UCLA researchers in the Departments of Medicine and Human Genetics have identified a sequence of long, non-coding RNA that plays a role in the regulation of intracellular lipogenesis and holds potential for diagnosing and treating metabolic diseases, including NAFLD and NASH.
Metabolic syndrome (MetS) has reached epidemic proportions in the United States and can manifest itself in various ways in the body, leading to a variety of diseases, including non-alcoholic fatty liver disease (NAFLD) and non-alcoholic steatohepatitis (NASH). These diseases can then lead to fibrosis, cirrhosis, and hepatocellular carcinoma. The pathophysiology of the MetS is complex, multi-factorial, and includes genetic and environmental contributions. A further understanding of the genetic perturbations of NAFLD/NASH is needed to develop targeted treatment for the disease.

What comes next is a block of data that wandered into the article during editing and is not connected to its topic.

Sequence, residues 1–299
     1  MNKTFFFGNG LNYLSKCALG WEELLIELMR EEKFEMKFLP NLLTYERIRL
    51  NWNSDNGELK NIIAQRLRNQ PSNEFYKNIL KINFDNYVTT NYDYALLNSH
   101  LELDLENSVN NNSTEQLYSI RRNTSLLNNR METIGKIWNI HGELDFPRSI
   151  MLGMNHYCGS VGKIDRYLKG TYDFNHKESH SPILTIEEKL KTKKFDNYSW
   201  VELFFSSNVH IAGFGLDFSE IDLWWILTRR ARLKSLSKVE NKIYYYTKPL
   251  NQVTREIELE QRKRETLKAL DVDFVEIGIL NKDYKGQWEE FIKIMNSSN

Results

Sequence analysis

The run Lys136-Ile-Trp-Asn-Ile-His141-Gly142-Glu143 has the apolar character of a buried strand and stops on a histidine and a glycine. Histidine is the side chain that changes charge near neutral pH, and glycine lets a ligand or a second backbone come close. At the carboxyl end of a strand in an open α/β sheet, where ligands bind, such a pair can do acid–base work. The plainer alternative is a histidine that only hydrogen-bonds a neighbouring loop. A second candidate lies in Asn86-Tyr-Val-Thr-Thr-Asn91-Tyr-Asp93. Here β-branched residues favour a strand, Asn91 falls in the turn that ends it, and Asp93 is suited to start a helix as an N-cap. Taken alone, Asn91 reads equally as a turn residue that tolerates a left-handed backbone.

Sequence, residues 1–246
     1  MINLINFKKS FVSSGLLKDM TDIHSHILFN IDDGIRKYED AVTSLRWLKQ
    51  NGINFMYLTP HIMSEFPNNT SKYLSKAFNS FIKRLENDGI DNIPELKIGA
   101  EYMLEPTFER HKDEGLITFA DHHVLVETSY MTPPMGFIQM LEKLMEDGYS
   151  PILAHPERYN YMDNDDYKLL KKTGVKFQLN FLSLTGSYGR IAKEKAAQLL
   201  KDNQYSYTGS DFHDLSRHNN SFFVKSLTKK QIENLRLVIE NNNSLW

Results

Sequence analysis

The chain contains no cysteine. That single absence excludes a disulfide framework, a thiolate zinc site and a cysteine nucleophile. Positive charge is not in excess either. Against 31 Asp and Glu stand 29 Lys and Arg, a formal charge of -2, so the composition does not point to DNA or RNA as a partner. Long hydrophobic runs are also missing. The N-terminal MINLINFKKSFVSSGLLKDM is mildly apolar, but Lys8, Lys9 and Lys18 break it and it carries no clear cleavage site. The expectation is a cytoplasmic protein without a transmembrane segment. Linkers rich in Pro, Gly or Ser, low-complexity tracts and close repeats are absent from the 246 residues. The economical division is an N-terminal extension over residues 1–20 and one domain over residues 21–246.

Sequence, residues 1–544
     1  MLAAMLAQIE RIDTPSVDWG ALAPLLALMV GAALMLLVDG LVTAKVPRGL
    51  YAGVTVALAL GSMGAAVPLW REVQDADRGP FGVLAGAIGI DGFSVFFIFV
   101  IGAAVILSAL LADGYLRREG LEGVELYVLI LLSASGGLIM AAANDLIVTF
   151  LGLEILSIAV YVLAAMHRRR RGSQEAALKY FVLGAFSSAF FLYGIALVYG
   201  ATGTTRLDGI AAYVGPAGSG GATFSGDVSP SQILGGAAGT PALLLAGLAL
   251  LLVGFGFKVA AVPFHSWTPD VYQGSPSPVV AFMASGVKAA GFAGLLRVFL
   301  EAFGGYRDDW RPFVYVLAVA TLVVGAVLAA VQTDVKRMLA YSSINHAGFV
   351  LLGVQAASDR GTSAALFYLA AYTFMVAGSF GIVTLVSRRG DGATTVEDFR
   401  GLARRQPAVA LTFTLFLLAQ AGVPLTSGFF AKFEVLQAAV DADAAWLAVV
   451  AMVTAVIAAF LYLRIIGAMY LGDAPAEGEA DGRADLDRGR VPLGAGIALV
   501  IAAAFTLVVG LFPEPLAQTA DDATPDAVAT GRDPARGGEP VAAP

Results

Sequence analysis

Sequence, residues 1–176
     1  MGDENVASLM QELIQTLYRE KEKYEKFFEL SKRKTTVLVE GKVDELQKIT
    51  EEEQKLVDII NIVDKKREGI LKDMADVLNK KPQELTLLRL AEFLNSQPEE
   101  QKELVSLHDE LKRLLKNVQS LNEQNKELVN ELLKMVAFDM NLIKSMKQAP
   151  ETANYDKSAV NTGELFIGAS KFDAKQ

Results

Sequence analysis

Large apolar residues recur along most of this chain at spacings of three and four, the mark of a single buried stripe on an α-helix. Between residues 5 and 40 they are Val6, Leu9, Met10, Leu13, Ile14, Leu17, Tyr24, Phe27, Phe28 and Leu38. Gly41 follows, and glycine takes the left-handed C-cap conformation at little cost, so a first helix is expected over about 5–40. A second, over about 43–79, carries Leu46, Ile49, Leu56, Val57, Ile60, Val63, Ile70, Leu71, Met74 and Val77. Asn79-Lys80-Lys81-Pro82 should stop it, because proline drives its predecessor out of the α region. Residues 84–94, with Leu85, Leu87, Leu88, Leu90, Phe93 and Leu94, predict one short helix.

The inventors have demonstrated that novel long non-coding RNA (LncRNA) OLMAINC plays an important role in the regulation intracellular lipogenesis and OLMAINC tissue levels correlate with NAFLD and NASH. The inventors have also developed a series of silencing RNAs, which was demonstrated to be effective in the down-regulation of OLMAINC.
The inventors have shown the OLMAINC plays a role in the regulation of intracellular lipogenesis. The inventors have also developed a series of silencing RNAs that can bind selectively to down-regulate OLMAINC expression and reduce lipogenesis. The inventors have further described a composition of agents and antagonists to be used in therapeutics.
metabolic regulation, lipogenesis, long non-coding RNA, silencing RNA, metabolic syndrome, non-alcoholic fatty liver disease, non-alcoholic steatohepatitis